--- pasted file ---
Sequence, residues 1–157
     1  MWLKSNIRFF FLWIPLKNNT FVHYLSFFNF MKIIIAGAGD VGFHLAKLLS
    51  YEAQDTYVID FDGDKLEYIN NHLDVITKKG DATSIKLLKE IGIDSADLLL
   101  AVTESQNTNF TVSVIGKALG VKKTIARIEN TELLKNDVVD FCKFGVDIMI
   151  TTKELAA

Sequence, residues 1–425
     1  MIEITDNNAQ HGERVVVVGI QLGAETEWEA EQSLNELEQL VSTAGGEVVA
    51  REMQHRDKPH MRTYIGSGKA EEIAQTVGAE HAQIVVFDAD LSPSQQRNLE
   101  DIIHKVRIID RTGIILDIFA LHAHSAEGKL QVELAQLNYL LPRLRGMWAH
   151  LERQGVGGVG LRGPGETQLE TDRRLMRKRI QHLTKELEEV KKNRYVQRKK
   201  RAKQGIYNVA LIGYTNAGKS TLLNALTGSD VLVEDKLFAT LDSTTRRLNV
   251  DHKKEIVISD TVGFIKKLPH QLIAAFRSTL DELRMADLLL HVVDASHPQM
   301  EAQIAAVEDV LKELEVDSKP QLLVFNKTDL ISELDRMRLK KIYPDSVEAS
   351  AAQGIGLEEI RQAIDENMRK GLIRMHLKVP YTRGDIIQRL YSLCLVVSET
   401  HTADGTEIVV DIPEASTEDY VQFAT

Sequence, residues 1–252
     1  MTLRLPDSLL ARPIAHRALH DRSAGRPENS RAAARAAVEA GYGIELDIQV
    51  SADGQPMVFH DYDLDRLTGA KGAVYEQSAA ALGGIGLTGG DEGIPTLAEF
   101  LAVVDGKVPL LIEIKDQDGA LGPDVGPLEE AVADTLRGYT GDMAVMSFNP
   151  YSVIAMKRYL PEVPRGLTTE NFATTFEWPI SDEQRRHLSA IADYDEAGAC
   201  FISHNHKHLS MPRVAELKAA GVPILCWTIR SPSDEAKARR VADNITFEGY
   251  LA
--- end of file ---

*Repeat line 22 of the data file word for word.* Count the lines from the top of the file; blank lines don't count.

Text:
   251  LA